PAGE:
The space most comparable in size and likely programming to the Civic Green is Copley Square in Boston. Located in the bustling Back Bay neighborhood, Copley Square is one of the city’s most beloved gathering spaces, with a big lawn for picnics and recreation and a fountain that sometimes doubles as a skate park.

Like the Civic Green, which may have a community center built next to it, Copley Square is anchored by two major public institutions and architectural landmarks, the Boston Public Library and Trinity Church. It’s also lined on one side by Boylston Street, a major destination for food and shopping. This role could be filled by Pike + Rose or other developments occurring around the Civic Green, but since it’s the main square of White Flint, street-level retail or other activities be a basic requirement for any building facing it.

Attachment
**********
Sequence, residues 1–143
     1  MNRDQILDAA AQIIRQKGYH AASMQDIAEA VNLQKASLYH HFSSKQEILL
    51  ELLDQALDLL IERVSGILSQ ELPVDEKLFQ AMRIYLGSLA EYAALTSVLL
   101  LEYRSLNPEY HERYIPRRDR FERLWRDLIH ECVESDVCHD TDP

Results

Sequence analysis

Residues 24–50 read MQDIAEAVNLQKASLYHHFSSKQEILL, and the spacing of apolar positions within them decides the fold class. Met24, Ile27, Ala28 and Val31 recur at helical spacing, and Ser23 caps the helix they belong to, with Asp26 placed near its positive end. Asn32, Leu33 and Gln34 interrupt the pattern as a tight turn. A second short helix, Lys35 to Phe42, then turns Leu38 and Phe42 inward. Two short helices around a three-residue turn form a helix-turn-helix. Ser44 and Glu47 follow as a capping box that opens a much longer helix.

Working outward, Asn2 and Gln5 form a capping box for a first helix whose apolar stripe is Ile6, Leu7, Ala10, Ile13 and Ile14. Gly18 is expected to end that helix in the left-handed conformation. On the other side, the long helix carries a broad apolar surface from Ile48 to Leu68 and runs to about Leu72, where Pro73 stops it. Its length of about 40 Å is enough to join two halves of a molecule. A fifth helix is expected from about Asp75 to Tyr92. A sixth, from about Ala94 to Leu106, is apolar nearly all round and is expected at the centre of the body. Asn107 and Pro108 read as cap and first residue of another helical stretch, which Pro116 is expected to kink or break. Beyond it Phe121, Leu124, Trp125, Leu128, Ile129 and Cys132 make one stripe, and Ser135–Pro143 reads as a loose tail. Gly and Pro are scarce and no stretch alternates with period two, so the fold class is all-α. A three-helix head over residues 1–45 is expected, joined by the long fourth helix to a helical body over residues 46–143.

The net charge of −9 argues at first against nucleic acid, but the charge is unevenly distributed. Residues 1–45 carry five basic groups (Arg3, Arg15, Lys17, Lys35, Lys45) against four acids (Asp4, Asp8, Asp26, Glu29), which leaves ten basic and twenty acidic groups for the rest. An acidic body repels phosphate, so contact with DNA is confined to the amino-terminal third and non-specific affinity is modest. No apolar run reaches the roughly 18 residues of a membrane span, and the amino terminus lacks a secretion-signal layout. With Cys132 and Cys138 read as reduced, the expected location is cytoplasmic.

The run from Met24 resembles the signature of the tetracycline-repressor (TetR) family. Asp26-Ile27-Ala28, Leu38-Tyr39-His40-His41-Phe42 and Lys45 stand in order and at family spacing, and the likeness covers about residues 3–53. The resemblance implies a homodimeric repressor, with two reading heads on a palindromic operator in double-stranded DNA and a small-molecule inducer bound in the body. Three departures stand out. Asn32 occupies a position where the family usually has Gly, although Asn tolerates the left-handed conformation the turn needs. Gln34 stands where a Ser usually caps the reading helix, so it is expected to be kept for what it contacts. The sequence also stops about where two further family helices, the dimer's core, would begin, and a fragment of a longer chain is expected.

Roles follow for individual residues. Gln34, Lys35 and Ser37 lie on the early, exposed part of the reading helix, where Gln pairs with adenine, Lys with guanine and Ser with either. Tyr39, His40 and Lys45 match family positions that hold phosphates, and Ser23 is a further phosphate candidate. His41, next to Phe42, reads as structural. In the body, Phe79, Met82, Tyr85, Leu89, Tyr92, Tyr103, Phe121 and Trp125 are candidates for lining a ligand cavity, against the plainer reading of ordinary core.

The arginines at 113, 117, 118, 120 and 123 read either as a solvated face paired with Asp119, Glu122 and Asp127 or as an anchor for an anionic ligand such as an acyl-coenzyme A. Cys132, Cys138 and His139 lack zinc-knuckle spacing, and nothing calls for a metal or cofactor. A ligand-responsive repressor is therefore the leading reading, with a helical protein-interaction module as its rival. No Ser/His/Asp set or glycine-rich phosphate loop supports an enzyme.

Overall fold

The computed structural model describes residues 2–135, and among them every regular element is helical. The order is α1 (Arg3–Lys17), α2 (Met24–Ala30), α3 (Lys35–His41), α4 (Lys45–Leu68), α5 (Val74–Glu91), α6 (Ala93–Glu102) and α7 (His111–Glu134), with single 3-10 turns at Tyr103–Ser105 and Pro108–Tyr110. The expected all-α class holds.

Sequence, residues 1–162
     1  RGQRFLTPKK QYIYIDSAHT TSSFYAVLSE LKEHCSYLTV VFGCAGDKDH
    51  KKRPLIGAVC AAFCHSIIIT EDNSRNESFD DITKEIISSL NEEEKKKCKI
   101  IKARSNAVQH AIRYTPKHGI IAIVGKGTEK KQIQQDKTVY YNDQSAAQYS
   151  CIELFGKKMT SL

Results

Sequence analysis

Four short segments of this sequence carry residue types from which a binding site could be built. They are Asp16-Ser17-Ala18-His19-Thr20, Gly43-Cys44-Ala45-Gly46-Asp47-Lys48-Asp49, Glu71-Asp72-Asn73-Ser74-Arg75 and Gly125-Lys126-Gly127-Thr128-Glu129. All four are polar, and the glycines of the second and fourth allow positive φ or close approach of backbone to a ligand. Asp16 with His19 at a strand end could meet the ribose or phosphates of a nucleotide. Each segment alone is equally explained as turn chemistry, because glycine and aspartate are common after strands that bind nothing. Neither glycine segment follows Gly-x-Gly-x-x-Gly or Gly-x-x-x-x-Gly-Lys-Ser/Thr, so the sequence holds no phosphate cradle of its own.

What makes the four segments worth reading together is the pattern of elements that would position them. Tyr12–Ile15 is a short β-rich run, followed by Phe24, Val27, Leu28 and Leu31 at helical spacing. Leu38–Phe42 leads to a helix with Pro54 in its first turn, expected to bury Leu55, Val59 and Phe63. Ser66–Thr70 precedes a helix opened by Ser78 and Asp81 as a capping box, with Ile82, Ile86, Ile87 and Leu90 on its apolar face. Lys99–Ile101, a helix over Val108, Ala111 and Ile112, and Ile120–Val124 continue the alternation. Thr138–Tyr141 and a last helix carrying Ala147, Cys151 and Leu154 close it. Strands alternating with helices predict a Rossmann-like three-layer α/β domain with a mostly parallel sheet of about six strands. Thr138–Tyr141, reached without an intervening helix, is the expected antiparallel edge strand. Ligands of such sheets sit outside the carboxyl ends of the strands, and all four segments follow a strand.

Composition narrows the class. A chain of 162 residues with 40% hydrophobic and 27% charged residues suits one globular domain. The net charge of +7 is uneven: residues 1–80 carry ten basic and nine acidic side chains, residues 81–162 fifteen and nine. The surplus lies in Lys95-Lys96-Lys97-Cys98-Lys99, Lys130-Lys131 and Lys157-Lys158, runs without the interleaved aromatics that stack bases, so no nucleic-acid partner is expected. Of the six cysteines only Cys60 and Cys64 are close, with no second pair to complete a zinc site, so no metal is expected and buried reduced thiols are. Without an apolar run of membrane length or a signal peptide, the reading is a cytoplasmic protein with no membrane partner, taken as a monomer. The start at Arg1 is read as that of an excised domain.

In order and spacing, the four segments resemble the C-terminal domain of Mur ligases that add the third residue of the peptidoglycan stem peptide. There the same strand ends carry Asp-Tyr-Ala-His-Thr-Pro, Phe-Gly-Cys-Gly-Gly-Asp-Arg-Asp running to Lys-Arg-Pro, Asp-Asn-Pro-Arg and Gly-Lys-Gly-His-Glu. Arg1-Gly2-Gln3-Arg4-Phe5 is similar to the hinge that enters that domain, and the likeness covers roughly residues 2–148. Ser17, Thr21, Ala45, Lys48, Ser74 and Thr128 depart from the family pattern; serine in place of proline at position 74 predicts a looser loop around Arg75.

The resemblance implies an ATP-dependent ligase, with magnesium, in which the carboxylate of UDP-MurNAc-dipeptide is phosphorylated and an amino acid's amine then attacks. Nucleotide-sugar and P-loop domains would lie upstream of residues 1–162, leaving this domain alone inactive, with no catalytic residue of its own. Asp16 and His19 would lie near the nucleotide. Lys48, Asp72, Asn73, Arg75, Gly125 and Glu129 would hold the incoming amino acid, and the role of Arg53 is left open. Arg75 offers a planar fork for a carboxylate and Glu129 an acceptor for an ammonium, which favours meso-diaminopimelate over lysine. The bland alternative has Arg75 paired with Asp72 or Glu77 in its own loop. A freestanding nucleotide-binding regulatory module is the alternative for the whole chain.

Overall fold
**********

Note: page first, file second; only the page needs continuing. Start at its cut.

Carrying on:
Are there any other good examples for the Civic Green? What is a space that you think it should emulate?

Wall Park to become more “flexible,” get Gables apartment building next door

gables and wall park site

Wall Park today (in green) and the future apartment site (in red) with new streets outlined.

Today, Wall Park at Nicholson Lane and Executive Boulevard is home to a playground, a basketball court and the Shriver Aquatic Center. In the future, it could not only become White Flint’s main outdoor hangout, but a place to live as well.